Long winding road to ruin
A gambling addiction can be bad enough, but combined with Covid clusters amid lockdowns, what was once 'fun' can be devastating
For 28-year-old Bank*, gambling -- once a pastime he enjoyed with friends -- was never meant to interfere with his priorities in life which mainly centred on raising a happy family and propelling his budding career at a start-up company to greater heights. The adrenaline-pumping excitement which came with winning his first lottery, where he pocketed 3,000 baht, began a chain of events that led to him being hooked to other forms of gambling within the first year of his marriage.
The strong urge to visit illegal gambling dens after work put an enormous strain on both his marriage and career; his bosses were on the verge of firing him because his work performance had hit rock bottom.
When the Covid-19 pandemic hit Thailand last year, Bank's addiction to gambling caused him to lose his job, and his wife asked him for a divorce after watching him sneak away during the lockdown to gamble the little earnings she was able to save.
Forced to move in with his parents after he was not able to pay the mortgage for his house, he began to experiment with drugs at private gatherings for punters at the height of the pandemic.
His inability to control his gambling habit made him vulnerable to contracting the coronavirus, which he eventually did. Bank finally realised, while laid-up in hospital, the enormous impact his addiction had had on his life -- he sought psychiatric help.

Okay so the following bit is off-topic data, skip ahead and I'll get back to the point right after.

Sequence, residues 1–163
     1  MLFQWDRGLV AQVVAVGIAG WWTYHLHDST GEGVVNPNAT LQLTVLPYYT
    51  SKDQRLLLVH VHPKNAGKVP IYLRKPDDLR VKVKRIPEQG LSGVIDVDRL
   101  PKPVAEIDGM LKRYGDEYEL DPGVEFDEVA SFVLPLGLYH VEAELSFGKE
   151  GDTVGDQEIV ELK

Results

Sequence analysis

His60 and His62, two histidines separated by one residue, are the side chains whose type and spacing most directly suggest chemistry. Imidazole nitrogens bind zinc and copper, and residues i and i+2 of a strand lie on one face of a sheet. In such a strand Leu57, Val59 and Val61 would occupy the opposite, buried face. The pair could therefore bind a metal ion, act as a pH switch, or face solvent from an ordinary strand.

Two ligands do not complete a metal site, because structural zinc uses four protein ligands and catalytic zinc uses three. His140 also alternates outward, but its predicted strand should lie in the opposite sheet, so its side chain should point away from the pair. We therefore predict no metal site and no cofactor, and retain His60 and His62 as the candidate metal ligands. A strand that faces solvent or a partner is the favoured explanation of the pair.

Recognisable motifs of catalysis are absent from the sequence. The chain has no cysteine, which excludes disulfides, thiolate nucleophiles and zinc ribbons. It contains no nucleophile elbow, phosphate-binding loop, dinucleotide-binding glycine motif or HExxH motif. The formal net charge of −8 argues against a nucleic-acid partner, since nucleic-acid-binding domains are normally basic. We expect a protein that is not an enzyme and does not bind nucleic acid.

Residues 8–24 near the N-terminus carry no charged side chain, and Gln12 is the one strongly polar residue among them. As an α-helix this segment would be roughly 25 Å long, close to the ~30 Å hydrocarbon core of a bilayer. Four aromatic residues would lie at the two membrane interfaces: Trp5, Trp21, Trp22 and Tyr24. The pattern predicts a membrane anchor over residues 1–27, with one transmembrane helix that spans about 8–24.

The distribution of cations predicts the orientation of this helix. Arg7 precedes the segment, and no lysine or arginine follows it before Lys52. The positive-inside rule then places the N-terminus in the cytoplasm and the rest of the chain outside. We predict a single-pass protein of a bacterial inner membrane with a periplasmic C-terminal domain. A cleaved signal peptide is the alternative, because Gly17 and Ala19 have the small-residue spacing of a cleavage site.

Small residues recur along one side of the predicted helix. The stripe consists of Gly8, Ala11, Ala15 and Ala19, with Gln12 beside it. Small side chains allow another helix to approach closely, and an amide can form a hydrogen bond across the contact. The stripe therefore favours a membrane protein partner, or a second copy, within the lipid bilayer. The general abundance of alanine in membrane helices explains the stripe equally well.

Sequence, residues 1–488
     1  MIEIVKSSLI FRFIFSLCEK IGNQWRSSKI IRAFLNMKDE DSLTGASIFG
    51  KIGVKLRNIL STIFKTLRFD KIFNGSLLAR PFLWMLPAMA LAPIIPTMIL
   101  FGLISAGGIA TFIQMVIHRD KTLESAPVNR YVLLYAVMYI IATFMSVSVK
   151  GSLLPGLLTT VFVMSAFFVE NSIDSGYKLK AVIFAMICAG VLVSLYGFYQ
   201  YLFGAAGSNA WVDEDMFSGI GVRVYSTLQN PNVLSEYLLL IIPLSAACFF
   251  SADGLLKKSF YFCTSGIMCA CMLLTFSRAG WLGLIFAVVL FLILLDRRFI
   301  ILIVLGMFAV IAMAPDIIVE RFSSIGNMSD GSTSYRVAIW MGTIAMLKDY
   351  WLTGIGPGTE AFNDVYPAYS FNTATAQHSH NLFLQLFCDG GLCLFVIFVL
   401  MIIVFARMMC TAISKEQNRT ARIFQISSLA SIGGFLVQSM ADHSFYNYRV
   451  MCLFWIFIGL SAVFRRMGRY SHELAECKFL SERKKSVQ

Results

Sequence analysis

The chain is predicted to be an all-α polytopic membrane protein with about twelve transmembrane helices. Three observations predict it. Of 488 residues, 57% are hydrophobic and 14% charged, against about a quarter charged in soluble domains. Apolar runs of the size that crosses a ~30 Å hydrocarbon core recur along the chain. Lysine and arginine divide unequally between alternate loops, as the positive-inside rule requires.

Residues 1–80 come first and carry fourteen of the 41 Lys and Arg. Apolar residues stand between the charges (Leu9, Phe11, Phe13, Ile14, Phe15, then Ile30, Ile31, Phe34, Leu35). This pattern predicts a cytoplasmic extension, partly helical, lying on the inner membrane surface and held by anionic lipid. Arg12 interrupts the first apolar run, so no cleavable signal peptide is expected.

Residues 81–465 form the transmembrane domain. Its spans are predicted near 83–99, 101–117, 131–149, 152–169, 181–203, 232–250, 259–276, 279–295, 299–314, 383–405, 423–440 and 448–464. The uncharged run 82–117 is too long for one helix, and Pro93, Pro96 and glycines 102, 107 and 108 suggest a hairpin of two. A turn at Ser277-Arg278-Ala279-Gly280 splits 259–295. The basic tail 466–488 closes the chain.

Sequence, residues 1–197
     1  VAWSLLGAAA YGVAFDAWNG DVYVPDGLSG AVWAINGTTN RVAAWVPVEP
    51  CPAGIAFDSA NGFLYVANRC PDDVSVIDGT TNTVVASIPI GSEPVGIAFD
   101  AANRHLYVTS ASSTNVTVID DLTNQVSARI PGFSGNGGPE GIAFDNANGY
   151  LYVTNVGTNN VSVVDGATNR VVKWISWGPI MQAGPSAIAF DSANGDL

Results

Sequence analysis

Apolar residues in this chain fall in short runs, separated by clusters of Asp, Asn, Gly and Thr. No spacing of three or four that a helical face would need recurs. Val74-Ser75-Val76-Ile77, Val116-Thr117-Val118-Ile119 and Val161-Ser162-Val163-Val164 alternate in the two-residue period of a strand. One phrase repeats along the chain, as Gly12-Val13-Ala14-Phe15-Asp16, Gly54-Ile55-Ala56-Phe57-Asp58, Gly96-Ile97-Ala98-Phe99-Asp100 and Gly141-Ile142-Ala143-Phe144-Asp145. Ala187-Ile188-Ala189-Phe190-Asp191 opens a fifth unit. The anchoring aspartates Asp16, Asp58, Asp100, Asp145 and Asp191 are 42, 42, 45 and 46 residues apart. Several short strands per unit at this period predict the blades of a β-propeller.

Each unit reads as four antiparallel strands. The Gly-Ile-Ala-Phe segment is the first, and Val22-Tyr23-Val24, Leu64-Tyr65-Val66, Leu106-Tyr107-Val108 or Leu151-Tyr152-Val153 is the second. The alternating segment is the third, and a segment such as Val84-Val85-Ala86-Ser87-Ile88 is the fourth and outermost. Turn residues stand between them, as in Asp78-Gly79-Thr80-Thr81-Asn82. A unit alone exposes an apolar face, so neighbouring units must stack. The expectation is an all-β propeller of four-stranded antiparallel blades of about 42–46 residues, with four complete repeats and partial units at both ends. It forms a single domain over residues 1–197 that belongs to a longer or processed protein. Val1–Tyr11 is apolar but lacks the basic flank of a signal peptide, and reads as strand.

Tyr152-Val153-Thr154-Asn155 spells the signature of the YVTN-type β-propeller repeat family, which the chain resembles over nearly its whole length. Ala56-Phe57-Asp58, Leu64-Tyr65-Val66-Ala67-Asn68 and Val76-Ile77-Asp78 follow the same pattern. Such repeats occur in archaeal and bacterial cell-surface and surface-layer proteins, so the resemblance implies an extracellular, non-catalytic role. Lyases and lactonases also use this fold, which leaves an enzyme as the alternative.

It is no secret Thais love to gamble, and the fact that many are addicted comes as no surprise. The question is, just how much of an impact has this had during the pandemic?
The Centre for Covid-19 Situation Administration (CCSA) reported that during the second wave of Covid-19 cases, from last Dec 15 to Jan 13, gambling dens in the eastern region of Thailand attributed to the highest rise in daily case numbers, at one point reaching 702 infected patients.
Police news reports also mentioned rampant illegal gambling taking place in various districts of Rayong province, despite the severity of the Covid-19 outbreak in the coastal province.
"I do not seriously believe that the pandemic has necessarily increased the number of people gambling, or for that matter gambling disorders," said psychiatrist Dr Apichat Jariyavilas. "What I believe is that gambling is an issue in Thai society. The lockdown that was meant to keep people at home to stop the spread of the coronavirus did not work on people with this disorder because, for one, they experienced restlessness or irritability during the lockdown which for them meant trying to cut down or stop gambling.
"As with any addict, it is about getting their fix, and so these patients can readily overlook the health hazards of leaving one's home during a pandemic. We found that the clusters with the greatest spread were in gambling dens. While it is anyone's guess just how many suffer from gambling disorders, what further exacerbates this social problem is that accompanied by alcohol and drugs, the person can develop a host of other emotional issues, one of which is suicidal tendencies."
Gambling, said Apichat, is one of the most insidious of human vices, as it presents the illusion of easy money yet can quickly lead to financial ruin. Many people, are drawn into it because it is often a diverse fun activity in the beginning. Unlike other addictions, it is not always obvious when someone is addicted to gambling.